Top Trending: The Only Thing You Need to Become a Millionaire

Hungry For Success

From dishwasher to entrepreneur
  • ---Shares
This story appears in the September 1999 issue of Entrepreneur. Subscribe »
Reader Resource

Apply now to be an Entrepreneur 360™ company. Let us tell the world your success story. Get Started »

When Paul Maurer, a Great Harvest Bread Co. franchisee in Salt Lake City, first hired Tom Cordova for some part-time help, neither had any idea that six months later, Cordova would be running his own Great Harvest bakery. Initially hired to clean Maurer's store, do the dishes and bake muffins, Cordova recalls, "Paul and I really hit it off. We had a lot in common." As Cordova's responsibilities grew, so did Maurer's faith in his employee, and the two eventually signed a partnership agreement to open a second Great Harvest location, also in Salt Lake City. Five years later, Cordova bought out Maurer's share of the business and now owns two locations, which earned a combined $1 million last year.

Although Cordova's situation is not the norm among Great Harvest franchisees, it's certainly an option for franchise owners interested in apprenticing their employees. "Owners at Great Harvest are free to create the store in their own images," explains Tom McMakin, COO of Great Harvest Franchising Inc. The franchisor is so taken with Cordova's example, it has instituted a policy that makes it easier for employees to open their own franchises. In addition to a franchise fee reduction, employees with five or more years of experience can attend training sessions designed for new business owners.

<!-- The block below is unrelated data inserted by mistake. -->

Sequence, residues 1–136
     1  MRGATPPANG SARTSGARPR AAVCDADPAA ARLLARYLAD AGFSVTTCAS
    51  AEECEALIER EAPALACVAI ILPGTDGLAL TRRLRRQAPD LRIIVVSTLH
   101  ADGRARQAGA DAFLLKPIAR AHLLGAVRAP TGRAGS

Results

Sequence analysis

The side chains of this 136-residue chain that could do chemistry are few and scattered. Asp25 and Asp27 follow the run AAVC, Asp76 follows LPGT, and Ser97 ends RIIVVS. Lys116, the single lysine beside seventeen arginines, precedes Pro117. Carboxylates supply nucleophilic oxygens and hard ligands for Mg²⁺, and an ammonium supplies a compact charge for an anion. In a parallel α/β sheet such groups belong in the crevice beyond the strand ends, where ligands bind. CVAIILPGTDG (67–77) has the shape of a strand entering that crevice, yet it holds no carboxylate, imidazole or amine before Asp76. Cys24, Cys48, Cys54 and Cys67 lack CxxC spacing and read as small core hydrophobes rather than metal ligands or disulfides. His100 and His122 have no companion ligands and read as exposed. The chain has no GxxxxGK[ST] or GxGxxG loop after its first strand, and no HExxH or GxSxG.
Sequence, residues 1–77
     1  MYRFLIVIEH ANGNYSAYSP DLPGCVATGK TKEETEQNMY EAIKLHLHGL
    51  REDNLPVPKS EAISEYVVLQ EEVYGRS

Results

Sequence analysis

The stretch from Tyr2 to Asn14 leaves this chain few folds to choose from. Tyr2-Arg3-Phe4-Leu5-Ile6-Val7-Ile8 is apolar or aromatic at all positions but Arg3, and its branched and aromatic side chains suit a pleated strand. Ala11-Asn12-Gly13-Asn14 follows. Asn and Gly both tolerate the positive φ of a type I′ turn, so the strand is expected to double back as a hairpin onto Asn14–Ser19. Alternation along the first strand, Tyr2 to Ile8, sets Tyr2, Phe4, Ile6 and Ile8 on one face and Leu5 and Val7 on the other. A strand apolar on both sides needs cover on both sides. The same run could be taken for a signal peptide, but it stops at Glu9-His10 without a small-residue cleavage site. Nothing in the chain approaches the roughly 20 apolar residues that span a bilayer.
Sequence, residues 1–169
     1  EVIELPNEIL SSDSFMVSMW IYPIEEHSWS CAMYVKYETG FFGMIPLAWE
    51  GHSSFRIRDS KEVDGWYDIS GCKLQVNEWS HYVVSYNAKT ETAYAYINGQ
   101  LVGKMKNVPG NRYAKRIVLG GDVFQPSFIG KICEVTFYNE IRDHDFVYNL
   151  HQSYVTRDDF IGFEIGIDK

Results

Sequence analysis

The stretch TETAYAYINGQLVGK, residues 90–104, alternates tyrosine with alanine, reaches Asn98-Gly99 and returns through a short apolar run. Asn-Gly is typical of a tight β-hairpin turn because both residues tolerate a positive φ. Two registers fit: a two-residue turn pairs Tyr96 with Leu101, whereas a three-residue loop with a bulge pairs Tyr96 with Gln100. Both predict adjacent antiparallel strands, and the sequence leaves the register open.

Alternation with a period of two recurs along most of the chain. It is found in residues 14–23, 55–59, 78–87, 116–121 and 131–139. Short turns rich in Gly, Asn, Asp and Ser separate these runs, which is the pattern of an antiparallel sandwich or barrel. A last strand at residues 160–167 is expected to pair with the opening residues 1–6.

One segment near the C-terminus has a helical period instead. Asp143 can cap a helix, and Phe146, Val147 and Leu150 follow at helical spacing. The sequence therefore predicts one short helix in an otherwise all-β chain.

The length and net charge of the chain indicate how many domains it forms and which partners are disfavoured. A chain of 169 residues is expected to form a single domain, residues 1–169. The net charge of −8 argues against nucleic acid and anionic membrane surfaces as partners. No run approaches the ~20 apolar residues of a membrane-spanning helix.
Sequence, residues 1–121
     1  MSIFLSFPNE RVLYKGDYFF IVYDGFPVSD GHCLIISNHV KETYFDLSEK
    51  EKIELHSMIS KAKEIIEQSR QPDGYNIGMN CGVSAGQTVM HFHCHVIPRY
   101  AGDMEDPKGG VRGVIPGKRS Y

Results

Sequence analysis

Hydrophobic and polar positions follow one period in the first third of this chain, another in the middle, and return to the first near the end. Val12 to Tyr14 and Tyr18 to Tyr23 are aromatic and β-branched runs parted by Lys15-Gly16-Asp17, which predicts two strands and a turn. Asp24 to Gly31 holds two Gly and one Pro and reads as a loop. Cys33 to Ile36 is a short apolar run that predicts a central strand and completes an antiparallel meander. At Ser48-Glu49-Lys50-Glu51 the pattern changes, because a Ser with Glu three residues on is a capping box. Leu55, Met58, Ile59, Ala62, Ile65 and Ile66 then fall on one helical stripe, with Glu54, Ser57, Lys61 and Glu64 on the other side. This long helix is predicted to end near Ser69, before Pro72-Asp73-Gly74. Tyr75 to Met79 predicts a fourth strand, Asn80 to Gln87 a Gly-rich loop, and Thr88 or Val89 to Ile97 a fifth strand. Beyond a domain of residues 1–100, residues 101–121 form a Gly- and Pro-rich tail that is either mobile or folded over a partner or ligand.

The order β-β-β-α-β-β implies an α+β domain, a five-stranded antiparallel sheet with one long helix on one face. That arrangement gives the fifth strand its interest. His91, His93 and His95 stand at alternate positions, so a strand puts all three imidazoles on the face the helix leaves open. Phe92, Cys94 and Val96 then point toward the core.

Edition: May 2017

Get the Magazine

Limited-Time Offer: 1 Year Print + Digital Edition and 2 Gifts only $9.99
Subscribe Now
OK

This website uses cookies to allow us to see how our website and related online services are being used. By continuing to use this website, you consent to our cookie collection. More information about how we collect cookies is found here.